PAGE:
SS: Beck, in my opinion, is the only one who has any chance of making a 53-man roster as a rookie. He was one of the best nickel cornerbacks in the nation in 2018, and was solid aside from his injuries last season. Nickelbacks are becoming increasingly valued in the NFL, as they are constantly tasked with guarding versatile slot receivers. One comparable player that comes to mind is Brian Poole, a cornerback for the New York Jets who went undrafted before proving his worth as an undersized, but physical nickelback.
EO: I think Beck might get snapped up in free agency by the Lions, Broncos, Cowboys, Eagles or any other team that could use depth in the secondary but doesn’t necessarily need to shell out all their draft capital for a star prospect. He’s certainly got the best shot out of the trio of Bears for his clutch catches and speed.
JKS: Thomas’ field goal percentage doesn’t stand out, but the kicker has been clinical on PATs — he made 65 of 66 in his time at Cal and has been nothing but clutch. A game-tying, career long in the Big Game and a last second winner against Washington showed that Thomas can deal with all kinds of pressure, an essential for NFL kickers.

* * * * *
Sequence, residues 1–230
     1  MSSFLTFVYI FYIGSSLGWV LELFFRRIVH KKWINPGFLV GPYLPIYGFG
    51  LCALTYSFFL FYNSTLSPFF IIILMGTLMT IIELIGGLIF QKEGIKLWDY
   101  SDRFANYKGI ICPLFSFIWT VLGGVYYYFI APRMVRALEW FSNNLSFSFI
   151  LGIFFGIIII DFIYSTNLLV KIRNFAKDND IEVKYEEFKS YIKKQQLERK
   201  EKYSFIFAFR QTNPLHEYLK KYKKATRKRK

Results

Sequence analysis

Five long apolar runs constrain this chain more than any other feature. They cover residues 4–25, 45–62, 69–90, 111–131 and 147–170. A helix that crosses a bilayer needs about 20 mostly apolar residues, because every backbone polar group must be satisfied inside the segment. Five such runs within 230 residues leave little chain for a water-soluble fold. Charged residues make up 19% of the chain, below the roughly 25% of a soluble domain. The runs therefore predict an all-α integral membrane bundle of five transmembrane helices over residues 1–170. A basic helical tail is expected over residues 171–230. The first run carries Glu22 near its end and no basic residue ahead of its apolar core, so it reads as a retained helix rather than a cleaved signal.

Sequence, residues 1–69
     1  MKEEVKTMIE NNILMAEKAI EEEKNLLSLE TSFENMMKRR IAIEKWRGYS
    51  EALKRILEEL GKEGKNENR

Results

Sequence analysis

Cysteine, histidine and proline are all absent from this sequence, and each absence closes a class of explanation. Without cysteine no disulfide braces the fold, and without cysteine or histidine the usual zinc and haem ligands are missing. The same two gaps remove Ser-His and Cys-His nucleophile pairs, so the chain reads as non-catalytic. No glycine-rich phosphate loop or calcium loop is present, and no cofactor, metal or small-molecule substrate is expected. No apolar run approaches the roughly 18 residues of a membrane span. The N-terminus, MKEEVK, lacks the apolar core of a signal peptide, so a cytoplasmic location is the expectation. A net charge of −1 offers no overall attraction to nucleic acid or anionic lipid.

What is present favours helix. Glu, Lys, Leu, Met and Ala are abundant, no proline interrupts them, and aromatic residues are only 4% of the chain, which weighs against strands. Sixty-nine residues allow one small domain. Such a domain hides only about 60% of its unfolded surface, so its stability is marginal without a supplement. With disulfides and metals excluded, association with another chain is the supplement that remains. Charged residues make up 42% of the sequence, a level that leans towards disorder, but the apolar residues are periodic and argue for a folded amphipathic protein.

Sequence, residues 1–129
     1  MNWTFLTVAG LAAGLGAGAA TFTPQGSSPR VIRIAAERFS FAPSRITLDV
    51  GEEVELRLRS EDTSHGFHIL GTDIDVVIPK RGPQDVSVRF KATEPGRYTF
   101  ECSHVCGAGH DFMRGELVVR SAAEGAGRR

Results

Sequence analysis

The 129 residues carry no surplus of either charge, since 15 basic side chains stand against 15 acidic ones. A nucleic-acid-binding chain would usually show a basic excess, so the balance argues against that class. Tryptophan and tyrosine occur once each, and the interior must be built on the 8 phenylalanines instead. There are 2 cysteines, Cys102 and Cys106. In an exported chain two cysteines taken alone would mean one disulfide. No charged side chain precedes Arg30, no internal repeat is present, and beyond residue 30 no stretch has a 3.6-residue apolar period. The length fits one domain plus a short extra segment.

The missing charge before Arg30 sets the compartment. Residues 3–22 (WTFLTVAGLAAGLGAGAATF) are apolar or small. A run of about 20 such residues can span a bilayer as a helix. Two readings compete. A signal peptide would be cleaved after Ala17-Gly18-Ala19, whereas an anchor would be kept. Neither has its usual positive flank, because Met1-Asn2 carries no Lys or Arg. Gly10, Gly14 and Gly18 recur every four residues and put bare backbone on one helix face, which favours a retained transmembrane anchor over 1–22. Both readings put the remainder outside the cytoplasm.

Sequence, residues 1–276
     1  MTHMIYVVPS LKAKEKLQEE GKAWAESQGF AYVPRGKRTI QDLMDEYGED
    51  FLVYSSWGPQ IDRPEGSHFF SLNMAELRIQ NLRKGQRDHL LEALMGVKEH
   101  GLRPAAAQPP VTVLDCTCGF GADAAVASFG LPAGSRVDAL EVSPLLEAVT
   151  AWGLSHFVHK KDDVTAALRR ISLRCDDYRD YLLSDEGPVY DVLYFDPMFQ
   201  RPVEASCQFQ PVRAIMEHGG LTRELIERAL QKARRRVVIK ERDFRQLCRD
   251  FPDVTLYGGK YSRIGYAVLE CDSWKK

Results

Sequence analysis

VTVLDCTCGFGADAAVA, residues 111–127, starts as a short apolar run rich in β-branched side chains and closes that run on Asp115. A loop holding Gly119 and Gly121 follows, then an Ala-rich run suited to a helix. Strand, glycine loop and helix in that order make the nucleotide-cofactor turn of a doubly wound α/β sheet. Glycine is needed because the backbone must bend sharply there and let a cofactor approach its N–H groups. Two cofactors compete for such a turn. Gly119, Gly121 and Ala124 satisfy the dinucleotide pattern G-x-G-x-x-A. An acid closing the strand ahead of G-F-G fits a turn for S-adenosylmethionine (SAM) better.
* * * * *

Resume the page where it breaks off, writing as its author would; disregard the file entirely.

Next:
One hot take for the 2020 NFL draft:
JY: All of the hype surrounding Burrow is legit, but I’m not so sure about Herbert or Tagovailoa. It wouldn’t surprise me at all if Tua slips out of the top 10 and potentially lands with Las Vegas or Jacksonville. It’ll take time for this one to play out, but I believe that at least two of Jordan Love, Jake Fromm, Jalen Hurts and Jacob Eason will have better careers than the former Oregon and Alabama signal callers.
SS: Someone in the top five is going to trade down. Don’t know who, but I have a feeling. Elite defensive prospects in Jeff Okudah, Isaiah Simmons and Chase Young don’t come around often, so I’m sure teams will be preparing massive offers to move up. Oh, and there’s a couple pretty good quarterbacks after Joe Burrow, too.
EO: May my Georgian, die-hard Bulldog fan of a mother never read this, but I think Jake Fromm will have a rough go of it in the NFL. The Georgia junior would have benefited from another year of racking up numbers and experience on the college gridiron and his NFL combine showing also wasn’t stellar — Fromm’s 40-yard dash was borderline abysmal, clocking in at 5.01 seconds. Even though he might be one of the highest picks in the draft this year, I’m not sure if he’ll be able to come into or hold his own on the NFL’s stage.
JKS: Teams will play it safe. This doesn’t scream “hot take,” but in light of the virtual circumstances and the global pandemic, there is less of an opportunity to thoroughly evaluate underrated talent or players who are returning from injury. I personally think Tagovailoa will be the best quarterback from this class, but his injury history may see him slip down the board as teams wait for day two talent like Jacob Eason and Jake Fromm. Another prime example is former Bear Ashtyn Davis, whose surgery late last year could see him fall into the late second or third round.